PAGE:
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The deed makes the difference: when people possess the skills you want, accommodating their needs is a smart investment.

The Deed Makes the Difference

One of many trends in association management in the 1990s is an escalating worker shortage, a labor crunch fueled by the declining birth rate in the 1960s and early 1970s that translates into fewer young people entering the job market today. At the same time, ASAE's publication The Association Management Profession in the 1990s: Trends, Implications, and Dilemmas estimates that close to 6 million jobs in highly skilled executive, professional, and technical occupations will open up in the next decade.

Yet even in the face of the growing worker shortage, two thirds of the 43 million American adults with disabilities are chronically unemployed; that's more than 28 million potential employees. Considering the growing public and private support for employers hiring individuals who have disabilities, the Americans With Disabilities Act (ADA) calls attention to a significant and practical recruiting opportunity.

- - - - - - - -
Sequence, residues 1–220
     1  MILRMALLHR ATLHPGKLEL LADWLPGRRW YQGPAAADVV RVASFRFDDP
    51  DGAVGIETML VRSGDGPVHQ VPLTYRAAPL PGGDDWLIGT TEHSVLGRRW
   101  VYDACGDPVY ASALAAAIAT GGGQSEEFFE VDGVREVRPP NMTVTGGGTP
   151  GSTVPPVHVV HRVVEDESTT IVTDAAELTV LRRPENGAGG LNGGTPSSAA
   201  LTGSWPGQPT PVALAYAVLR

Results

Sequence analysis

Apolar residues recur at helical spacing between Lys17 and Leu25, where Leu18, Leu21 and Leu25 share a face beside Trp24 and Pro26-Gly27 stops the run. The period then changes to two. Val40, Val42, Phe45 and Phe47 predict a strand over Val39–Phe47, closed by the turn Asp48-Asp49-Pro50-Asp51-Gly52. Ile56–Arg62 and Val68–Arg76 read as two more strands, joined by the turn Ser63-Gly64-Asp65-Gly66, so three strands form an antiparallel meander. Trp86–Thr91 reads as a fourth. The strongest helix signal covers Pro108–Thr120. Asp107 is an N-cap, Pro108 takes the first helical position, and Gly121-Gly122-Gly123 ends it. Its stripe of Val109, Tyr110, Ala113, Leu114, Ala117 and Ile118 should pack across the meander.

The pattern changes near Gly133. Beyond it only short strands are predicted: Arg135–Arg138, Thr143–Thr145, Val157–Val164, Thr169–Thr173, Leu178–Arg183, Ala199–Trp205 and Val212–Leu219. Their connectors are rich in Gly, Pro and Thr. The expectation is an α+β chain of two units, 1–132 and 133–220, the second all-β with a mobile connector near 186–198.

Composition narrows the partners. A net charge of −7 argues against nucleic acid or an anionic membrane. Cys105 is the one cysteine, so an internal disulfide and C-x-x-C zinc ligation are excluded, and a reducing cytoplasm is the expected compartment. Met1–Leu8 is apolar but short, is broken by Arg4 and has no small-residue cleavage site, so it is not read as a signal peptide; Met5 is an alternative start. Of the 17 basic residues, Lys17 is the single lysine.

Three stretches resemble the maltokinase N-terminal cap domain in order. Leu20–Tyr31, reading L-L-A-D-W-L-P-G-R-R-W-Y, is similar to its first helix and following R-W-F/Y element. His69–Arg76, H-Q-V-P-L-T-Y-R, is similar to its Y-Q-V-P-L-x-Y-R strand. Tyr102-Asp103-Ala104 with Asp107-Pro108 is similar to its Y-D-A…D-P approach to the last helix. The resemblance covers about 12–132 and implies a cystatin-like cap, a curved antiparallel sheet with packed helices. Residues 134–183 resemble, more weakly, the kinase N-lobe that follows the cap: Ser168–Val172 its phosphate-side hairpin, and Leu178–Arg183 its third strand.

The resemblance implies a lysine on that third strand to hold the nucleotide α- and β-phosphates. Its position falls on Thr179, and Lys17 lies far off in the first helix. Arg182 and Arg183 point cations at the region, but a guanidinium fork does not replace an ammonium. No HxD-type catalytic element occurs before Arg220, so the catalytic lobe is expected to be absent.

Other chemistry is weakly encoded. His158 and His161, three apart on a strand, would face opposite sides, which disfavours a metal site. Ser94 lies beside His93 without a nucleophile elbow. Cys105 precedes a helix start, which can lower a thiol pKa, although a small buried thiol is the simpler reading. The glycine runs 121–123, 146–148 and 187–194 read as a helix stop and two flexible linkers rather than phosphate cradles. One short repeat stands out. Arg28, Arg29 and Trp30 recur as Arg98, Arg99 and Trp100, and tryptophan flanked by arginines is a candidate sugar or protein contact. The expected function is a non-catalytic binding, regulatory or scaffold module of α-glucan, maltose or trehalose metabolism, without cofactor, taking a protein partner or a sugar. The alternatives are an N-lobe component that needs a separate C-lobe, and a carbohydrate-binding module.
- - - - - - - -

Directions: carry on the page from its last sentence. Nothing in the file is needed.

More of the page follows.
Before employers can take advantage of this much untapped human resource pool, however, they will need to remove the physical barriers that stand between those with disabilities and the positions they are qualified to fill.


Efforts to make the workplace readily accessible to individuals who have disabilities should begin with an accessibility survey at existing facilities. One of the best ways to accomplish this is to form an accessibility team that includes individuals who have disabilities and trained accessibility surveyors.

Local nonprofit rehabilitation agencies, such as Goodwill Industries, Bethesda, Maryland, can help you find trained accessibility surveyors. Most states have associations of rehabilitation agencies you can call for assistance in identifying local programs.

Once an accessibility report is completed, modifications can be designed and costed out by the organization's physical plant manager and/or an accessibility-conscious architect. Remember, the simplest and least costly alterations are often most effective.

Accessibility of new facilities should be addressed at the design stage of development. A Syracuse University study found that the cost of accessibility features, when included in new construction, add less than 1 percent to the total cost, a figure that should asuage any fear that the cost of accommodations required by the ADA will put an organization out of business.

Cost considerations

Before the ADA passed, 87 percent of those small businesses polled by the National Federation of Independent Business (NFIB), Denver, said they opposed the bill (reported in the Wall Street Journal, Nov. 10, 1989). Yet according to a 1987 Harris Poll, 74 percent of companies with experience in making accommodations regard such adjustments as either "not too expensive" or "not expensive at all."